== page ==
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In Brief - News - Aug. 2, 2013

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Optic Staff and Wire
 

Melton finishes banking school

Mike Melton, regional president of Southwest Capital Bank, recently completed his final year of The University of Colorado’s school for top banking leaders.
The Graduate School of Banking at Colorado is often regarded as “America’s Premier Community Banking School.” Founded in 1950, the school of banking is designed to educate senior bank executives on the management of community bank sized financial institutions.
The program offers a rigorous combination of on-campus courses and intersession assignments designed to challenge  experienced banking professionals. The graduation ceremony was held on July 25, on the University of Colorado at Boulder campus.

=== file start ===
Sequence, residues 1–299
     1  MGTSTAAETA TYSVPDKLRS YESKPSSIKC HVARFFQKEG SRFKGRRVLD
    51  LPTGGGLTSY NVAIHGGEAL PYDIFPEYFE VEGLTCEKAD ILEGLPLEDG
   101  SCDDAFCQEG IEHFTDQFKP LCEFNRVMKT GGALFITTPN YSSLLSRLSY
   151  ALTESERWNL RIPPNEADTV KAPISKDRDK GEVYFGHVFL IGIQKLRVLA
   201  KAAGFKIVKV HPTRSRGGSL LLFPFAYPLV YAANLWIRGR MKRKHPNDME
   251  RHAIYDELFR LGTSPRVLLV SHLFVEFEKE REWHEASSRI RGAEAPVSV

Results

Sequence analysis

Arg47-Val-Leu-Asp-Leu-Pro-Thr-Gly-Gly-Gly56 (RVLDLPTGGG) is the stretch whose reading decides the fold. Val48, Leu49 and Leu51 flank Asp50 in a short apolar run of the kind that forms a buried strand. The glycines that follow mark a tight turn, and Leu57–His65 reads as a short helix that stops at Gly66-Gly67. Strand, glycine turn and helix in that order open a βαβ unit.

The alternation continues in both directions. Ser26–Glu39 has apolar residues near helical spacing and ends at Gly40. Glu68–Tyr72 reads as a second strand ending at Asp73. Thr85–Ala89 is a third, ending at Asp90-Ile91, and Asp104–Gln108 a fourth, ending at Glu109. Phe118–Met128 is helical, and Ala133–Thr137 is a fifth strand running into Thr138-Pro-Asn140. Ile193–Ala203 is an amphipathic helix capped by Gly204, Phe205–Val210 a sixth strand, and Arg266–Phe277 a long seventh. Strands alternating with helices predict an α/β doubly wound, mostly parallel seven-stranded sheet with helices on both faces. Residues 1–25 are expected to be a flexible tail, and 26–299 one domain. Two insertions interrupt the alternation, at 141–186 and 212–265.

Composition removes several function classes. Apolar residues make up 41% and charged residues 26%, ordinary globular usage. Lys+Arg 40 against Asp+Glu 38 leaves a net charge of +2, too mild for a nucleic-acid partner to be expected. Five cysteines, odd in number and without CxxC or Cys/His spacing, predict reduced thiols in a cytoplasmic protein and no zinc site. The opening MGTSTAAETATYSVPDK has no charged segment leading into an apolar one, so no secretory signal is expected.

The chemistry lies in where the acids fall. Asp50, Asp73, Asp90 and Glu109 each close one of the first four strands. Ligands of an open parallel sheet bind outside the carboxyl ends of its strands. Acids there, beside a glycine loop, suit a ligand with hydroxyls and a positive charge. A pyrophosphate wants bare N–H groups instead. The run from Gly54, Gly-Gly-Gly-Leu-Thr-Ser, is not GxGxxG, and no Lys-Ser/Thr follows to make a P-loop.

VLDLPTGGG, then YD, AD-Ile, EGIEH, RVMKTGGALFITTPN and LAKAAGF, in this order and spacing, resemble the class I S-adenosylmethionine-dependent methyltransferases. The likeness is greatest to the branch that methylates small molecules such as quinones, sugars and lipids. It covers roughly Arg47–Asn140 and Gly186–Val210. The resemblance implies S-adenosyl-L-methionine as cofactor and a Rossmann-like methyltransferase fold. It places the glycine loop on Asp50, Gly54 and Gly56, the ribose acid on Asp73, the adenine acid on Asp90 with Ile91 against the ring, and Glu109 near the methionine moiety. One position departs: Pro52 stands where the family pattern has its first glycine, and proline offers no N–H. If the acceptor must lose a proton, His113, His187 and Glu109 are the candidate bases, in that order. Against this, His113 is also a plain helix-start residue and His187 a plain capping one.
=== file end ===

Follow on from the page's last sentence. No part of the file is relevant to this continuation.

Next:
Howell receives certification
Las Vegas Councilor Vince Howell has received the Certified Municipal Official designation from the Municipal Officials Leadership Institute sponsored by the New Mexico Municipal League. He will receive the official designation at the New Mexico Municipal League’s 56th Annual Conference Aug. 28 in Taos.
The Institute was founded in 2003 to give New Mexico municipal officials the knowledge and tools necessary to provide effective and ethical leadership to the citizens of their communities.
Participants must complete three programs of instruction: Education Program consists of two basic education sessions plus electives; Governance Program focuses on necessary traits for effective leaders; and, the Leadership Program is a course of self-directed electives. Certification can only be obtained after satisfying the Institute’s required curricula.

Crime lab wants victims’ prints
New Mexico’s state crime lab now requires law enforcement agencies to submit fingerprints for victims of non-violent crimes along with unidentified prints from property crime scenes.
Bureau Chief Noreen Purcell says the lab won’t accept unknown prints unaccompanied by victims’ prints in cases such as burglary, stolen property and illegal possession of a firearm.
Purcell says early elimination of victims’ prints will speed processing of cases and help clear a 300-case backlog.